VAT rate changes – should your business move to flat rate VAT?

19th November 2010

We had an interesting call with a client yesterday. He is not happy with the amount of VAT he is currently paying and doubly concerned about the increase in VAT from 4 Jan 2012 – to 20%. He asked me if there were any prospect of reducing is quarterly VAT figure.

As a catering business with forecast turnover of £150,000 he could be eligible for the flat rate scheme. The question is: would he be better off?

Rather than just conducting a one-off piece of work we thought we would extend this exercise to other industries. We need to consider the relative uplift in flat rate percentage compared to the relative uplift in standard rate VAT.

Before we see actual figures for sales and purchases we have to assume similar trends (and scale up output and input VAT appropriately) before and after 4 January 2011.

old flat ratenew flat rateincrease in flat rate% increase in flat rate% increase in standard rate ratedifferential
Property management/agency and related10.5121.514.29%14.29%0.00%
Beauty treatment/barber shops11.5131.513.04%14.29%1.24%
Laundry/dry-cleaning services10.5121.514.29%14.29%0.00%
Management consulting12.5141.512.00%14.29%2.29%
Photographic servcies1011110.00%14.29%4.29%
Printing services7.58.5113.33%14.29%0.95%
Publishing activities1011110.00%14.29%4.29%
Car/van repair7.58.5113.33%14.29%0.95%
Retailing food, confectionary, tobacco, newspapers or children’s clothing3.540.514.29%14.29%0.00%
Retailing pharmacy services (not medical)78114.29%14.29%0.00%
Other retailing6.57.5115.38%14.29%-1.10%
Retailing petrol/diesel/cars/vans66.50.58.33%14.29%5.95%
Sport/recreation services7.58.5113.33%14.29%0.95%
Transport/storage related such as couriers, freight, removals and taxis910111.11%14.29%3.17%
Travel agent services9.510.5110.53%14.29%3.76%
Food wholesalers6.57.5115.38%14.29%-1.10%

We then ran a few scenarios for three different industries.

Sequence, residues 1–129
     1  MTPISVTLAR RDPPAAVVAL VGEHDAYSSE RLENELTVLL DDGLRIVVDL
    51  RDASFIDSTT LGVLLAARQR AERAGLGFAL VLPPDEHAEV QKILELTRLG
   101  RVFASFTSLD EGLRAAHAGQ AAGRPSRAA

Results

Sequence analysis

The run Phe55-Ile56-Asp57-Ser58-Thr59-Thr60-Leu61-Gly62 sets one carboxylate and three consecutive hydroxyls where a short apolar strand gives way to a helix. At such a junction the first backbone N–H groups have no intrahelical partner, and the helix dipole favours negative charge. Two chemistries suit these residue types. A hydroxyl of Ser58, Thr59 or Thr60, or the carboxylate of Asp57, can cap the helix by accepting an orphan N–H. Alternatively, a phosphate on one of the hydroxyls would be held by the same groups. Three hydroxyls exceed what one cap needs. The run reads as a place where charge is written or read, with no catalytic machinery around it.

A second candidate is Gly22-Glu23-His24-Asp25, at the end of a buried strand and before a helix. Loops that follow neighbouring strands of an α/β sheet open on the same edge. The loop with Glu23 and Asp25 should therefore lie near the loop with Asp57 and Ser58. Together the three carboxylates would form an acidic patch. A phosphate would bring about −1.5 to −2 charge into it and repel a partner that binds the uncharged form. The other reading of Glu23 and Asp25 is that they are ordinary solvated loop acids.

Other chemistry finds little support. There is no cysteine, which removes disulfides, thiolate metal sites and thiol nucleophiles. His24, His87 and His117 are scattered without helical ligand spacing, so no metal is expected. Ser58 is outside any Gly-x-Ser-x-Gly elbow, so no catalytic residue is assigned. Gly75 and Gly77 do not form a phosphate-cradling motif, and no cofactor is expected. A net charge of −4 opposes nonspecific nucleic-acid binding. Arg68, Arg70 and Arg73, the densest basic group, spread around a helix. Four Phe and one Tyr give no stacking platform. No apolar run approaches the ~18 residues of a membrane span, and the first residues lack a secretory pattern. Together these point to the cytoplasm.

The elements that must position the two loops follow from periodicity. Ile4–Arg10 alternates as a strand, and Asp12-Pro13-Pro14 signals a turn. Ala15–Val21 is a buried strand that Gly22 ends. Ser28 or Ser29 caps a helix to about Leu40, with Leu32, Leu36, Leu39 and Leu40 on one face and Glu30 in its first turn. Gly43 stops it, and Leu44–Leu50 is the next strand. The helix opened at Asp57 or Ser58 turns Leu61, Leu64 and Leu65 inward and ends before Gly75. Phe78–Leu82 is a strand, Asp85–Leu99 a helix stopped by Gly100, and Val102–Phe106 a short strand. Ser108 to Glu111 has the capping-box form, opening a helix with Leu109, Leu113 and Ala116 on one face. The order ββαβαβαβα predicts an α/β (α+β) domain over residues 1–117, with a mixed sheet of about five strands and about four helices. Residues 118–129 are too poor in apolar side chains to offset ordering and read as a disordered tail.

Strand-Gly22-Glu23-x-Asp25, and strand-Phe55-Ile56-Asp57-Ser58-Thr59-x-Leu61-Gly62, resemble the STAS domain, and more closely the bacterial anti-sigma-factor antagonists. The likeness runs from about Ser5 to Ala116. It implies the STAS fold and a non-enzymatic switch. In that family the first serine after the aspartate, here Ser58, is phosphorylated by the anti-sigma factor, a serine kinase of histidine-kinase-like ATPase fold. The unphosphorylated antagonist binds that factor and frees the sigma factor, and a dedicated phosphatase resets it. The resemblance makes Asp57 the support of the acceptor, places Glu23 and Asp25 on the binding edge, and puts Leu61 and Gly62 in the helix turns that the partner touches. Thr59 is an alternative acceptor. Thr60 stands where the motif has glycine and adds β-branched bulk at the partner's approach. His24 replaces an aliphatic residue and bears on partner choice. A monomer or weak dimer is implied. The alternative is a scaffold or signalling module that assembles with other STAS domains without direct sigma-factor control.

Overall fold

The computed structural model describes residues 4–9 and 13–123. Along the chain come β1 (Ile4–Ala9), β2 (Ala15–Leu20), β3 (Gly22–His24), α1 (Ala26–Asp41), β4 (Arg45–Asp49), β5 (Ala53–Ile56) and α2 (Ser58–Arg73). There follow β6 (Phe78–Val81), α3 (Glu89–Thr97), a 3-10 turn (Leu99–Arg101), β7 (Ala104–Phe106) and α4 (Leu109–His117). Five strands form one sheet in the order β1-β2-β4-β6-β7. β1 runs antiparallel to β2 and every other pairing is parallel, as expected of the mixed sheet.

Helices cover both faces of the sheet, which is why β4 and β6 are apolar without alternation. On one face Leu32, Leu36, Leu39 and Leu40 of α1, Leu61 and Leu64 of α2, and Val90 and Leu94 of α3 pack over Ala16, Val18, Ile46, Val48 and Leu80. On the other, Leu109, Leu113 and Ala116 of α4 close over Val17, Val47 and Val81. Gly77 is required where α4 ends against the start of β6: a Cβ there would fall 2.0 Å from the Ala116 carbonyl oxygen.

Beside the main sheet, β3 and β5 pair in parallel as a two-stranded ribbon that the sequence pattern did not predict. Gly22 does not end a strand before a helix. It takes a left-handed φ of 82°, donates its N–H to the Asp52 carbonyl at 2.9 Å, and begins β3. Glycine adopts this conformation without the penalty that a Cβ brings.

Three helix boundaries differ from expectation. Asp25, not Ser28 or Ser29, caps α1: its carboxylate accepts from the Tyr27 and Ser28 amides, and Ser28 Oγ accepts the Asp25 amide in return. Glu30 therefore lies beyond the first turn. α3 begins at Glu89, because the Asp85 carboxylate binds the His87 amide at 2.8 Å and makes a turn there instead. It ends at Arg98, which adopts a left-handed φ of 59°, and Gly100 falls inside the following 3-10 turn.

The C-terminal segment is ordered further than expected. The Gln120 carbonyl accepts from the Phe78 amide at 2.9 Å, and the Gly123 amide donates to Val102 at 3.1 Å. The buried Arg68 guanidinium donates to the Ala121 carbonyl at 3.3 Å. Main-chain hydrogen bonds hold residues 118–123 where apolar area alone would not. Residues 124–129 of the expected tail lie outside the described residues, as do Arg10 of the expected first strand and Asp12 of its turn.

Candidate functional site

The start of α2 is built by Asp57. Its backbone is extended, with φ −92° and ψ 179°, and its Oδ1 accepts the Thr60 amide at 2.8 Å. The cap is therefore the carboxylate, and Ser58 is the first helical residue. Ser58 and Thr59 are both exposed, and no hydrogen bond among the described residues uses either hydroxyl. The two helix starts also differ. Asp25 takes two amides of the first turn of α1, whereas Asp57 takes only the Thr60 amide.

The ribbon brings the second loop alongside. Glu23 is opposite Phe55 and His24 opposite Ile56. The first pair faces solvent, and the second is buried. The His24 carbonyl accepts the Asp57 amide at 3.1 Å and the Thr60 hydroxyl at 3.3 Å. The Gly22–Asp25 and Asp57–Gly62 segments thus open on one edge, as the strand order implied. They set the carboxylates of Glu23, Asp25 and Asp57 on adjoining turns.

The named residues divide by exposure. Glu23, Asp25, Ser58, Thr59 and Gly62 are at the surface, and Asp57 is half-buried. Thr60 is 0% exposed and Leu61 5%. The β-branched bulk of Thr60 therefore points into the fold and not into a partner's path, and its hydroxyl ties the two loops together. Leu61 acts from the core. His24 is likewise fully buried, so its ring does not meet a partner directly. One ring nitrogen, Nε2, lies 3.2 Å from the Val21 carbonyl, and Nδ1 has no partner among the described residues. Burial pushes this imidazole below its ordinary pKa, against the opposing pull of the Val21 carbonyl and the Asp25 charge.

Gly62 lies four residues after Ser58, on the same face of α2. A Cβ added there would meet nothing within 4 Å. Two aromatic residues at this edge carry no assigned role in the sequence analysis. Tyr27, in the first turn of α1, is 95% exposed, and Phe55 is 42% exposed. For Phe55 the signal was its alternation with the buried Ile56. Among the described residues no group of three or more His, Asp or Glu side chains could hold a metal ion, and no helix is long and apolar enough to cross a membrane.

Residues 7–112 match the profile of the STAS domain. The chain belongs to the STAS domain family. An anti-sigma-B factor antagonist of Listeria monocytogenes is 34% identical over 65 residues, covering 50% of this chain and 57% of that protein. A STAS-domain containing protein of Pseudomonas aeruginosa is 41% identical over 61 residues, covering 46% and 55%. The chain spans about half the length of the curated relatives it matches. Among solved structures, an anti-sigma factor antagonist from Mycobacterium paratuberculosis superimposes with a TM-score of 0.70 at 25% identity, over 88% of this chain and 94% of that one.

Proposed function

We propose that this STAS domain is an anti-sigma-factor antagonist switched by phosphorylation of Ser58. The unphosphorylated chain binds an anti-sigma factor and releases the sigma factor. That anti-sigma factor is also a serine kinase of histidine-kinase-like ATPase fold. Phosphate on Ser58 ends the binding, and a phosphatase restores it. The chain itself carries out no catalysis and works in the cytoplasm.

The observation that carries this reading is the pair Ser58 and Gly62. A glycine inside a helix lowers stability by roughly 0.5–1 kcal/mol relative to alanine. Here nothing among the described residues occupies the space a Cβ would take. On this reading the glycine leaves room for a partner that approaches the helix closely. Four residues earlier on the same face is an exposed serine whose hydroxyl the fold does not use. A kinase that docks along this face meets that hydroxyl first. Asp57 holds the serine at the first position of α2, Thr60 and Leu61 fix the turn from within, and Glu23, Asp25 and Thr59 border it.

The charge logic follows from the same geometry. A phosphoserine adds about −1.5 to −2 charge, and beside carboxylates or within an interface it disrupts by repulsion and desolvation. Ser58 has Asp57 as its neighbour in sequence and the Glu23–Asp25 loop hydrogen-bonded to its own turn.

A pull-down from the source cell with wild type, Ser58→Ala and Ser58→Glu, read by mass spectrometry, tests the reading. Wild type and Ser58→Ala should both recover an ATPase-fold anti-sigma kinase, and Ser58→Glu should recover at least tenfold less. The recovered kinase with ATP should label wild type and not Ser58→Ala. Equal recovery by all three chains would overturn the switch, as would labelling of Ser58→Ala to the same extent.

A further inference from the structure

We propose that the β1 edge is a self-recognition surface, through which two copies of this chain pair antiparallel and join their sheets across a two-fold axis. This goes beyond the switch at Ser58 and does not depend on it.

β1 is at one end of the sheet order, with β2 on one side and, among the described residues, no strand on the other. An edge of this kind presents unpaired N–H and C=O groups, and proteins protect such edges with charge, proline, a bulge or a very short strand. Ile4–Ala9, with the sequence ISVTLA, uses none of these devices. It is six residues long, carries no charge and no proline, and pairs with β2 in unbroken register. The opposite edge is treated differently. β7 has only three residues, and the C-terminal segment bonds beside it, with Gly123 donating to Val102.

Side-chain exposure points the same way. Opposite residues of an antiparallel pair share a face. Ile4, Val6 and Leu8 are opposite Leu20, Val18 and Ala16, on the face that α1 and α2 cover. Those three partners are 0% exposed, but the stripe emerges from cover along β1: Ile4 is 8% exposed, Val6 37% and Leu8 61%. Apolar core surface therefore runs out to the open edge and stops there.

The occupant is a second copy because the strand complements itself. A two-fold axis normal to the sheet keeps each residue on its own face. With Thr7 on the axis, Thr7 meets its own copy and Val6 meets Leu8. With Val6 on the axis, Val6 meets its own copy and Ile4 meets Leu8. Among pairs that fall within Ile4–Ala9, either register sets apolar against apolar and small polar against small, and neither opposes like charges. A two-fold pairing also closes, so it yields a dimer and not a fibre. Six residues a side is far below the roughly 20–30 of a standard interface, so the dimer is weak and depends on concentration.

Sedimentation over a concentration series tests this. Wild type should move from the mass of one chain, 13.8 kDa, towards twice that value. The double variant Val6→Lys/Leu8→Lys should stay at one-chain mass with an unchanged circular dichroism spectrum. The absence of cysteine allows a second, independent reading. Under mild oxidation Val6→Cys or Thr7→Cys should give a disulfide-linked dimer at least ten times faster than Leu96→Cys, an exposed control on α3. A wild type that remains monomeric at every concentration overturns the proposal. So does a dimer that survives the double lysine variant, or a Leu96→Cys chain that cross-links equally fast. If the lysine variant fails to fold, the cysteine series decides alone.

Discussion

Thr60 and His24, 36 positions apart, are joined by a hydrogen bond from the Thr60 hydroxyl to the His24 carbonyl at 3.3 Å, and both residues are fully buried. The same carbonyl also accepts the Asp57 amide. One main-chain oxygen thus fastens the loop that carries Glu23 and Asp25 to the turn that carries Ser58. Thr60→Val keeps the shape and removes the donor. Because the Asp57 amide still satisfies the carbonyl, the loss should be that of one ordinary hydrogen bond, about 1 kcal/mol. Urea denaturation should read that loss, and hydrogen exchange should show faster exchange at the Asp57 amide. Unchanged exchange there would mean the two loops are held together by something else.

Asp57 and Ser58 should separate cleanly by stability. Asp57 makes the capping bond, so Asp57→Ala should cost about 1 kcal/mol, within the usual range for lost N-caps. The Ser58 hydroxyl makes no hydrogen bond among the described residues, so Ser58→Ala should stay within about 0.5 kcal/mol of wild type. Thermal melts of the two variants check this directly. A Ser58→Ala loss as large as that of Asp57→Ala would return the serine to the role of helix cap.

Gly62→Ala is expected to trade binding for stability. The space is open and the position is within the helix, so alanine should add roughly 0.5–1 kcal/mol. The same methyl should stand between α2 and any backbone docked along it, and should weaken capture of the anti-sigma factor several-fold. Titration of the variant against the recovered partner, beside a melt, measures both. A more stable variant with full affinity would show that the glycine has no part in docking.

Case Study 1 – restaurantnet salesOutput VATInput VATNet VAT due
Flat rate %Net VAT due
Standard vs flat
Before 4 January 201137,500.006,562.50(1,700.00)4862.5011.0%4,846.8815.63worse off
After 4 January 201137,500.007,500.00– 1,942.865,557.1412.5%5,625.00– 67.86better off
Conclusion – stay at standard rate
Case study 2 – pubnet salesOutput VATInput VATNet VAT due
Flat rate %Net VAT due
Standard vs flat
Before 4 January 201132,500.005,687.50(3,445.00)2,242.506.0%2,291.25– 48.75worse off
After 4 January 201132,500.006,500.00– 3,937.142,562.866.5%2,535.0027.86better off
Conclusion – slightly better off
with move to flat rate
Case Study 3 – advertising firmnet salesOutput VATInput VATNet VAT dueFlat rate %Net VAT dueStandard vs flat
(paying VAT on rent)
Before 4 January 201137,500.006,562.50(2,200.00)4,362.5010.0%4,406.25– 43.75worse off
After 4 January 201137,500.007,500.00– 2,514.294,985.7111.0%4,950.0035.71better off
Conclusion – slightly better off
with move to flat rate


Before we consider the overall position we must stress that this analysis should be applied to each business on a case by case basis using actual numbers for a VAT quarter. Also, it will only apply if net turnover for the future 12 months is under £150,000 (otherwise you do not have the flat rate option).

However, you can see from our initial analysis that certain industries such as pubs and advertising the jump in flat rate percentage is relatively small. As a result it may be worth performing a thorough analysis if there is currently “not much in it” between the two schemes.

Conversely, for “other retailers” it may be worth considering a change from flat to standard rate accounting as the relative jump in flat rate percentage is actually greater than the standard rate percentage. As before, this should only be done after a comparison of real rather than theoretical figures.

It is well worth contacting a firm of accountants to consider these matters.